There will also be a new vacancy for a reserve warden at Broubster to take forward management on this site and throughout the Caithness wetlands. This will be a great opportunity for someone to work for wetlands in the north and create a bright future for wintering and breeding birds. NB The Leans is a 1,500 ha floodplain located about 7 km southwest of Thurso. It is an area of fen/mire/grassland within a farmed landscape – typical of the Caithness wetlands. It is part designated as a SSSI, SPA, SAC, RAMSAR and is part of the Caithness Lochs Important Bird Area. The main notification features are blanket bog, transition mire/quaking bog, breeding birds and wintering wildfowl. The Caithness wetlands have been identified as one of the most important wetland areas in the UK for intensive conservation action by the RSPB.
Broubster Leans is threatened due to agricultural abandonment of the wetter areas, less sympathetic management of the drier sections and afforestation of abandoned areas. Essentially, on the wetter parts of the site the problem is lack of grazing and cutting of the fen vegetation. This leads to build up of plant material that discourages waders. We would address this by working with farmers to get cutting and grazing onto these sites. On drier parts of the reserve, the problem is too much sheep grazing. We will reduce stock numbers and introduce arable management that should help passerines as well as waders like lapwings. In the long-term, we would hope to encourage corncrakes and great yellow bumblebee to the site.Important non-avian species present at the site include otter and the nationally scarce narrow small-reed Calamagrostis stricta. The wetland bird population of Broubster Leans has historically been notable in terms of the number of species it supports. Nine species of wader (oystercatcher, lapwing, snipe, curlew, redshank, greenshank, wood sandpiper, common sandpiper and dunlin) have bred at the site. In addition, the site has attracted calling spotted crake and summering common crane and marsh harrier. Hen harriers use the site throughout the year and short-eared owls are regular in good vole years but do not breed there. The site regularly supports a wintering population of 200 Greenland white-fronted geese, which is at the 1% threshold for national importance for this species. The trend for this flock is a slow increase, in contrast to the national population. Broubster Leans is also regionally important for other wintering wildfowl such as whooper swan, Icelandic greylag goose and a range of duck species. It is also suitable for great yellow bumblebee management, for which RSPB is a lead BAP partner.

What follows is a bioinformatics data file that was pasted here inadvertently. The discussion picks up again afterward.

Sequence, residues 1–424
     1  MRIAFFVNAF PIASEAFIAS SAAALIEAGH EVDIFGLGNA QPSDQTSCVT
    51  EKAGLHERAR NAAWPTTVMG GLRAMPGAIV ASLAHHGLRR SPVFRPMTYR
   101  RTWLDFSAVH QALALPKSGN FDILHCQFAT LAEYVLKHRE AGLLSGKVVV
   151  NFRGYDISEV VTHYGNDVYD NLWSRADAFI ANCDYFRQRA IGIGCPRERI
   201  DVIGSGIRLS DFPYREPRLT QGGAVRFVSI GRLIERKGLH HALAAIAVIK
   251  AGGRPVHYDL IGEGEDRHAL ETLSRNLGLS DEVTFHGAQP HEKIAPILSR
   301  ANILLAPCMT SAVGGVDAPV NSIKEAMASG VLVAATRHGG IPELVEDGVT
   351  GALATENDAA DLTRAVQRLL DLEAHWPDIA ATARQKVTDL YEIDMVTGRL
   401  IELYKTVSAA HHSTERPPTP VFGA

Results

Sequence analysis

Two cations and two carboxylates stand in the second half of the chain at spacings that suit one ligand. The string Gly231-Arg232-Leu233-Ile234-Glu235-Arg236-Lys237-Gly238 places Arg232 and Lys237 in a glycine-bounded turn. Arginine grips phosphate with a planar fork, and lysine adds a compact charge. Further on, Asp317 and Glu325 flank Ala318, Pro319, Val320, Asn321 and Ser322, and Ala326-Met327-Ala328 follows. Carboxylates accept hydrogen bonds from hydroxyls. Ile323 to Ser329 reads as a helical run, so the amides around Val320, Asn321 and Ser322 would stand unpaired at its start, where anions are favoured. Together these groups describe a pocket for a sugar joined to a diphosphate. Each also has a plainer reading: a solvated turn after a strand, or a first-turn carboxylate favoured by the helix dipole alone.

Although designated site condition monitoring reports the Leans as being in favourable condition, this is not the case for breeding waders. In 2005, the IBA (620 ha) held 44 pairs of waders: some 40% of the mid-1990s level of 105 pairs. With appropriate management, wader populations could be increased to 250+ pairs based on densities in similar habitats elsewhere.
4th July 2014